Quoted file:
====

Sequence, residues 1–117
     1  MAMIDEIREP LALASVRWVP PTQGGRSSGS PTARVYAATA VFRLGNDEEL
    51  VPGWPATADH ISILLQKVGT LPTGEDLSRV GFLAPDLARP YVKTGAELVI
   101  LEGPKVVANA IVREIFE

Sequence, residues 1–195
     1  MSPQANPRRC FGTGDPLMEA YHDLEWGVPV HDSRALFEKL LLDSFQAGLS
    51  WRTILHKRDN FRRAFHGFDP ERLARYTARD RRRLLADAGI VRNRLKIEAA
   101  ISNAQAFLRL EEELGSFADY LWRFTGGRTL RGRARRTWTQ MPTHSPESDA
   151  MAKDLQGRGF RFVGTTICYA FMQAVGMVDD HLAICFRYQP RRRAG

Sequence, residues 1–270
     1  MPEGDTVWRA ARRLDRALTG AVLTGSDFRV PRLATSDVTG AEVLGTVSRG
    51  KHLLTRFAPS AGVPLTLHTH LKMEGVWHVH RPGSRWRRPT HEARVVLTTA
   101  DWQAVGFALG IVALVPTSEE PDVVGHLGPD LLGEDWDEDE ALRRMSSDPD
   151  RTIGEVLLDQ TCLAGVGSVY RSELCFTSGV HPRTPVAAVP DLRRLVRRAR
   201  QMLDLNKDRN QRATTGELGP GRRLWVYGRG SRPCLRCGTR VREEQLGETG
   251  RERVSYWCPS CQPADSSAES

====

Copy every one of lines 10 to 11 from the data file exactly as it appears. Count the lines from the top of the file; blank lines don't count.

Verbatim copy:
Sequence, residues 1–270
     1  MPEGDTVWRA ARRLDRALTG AVLTGSDFRV PRLATSDVTG AEVLGTVSRG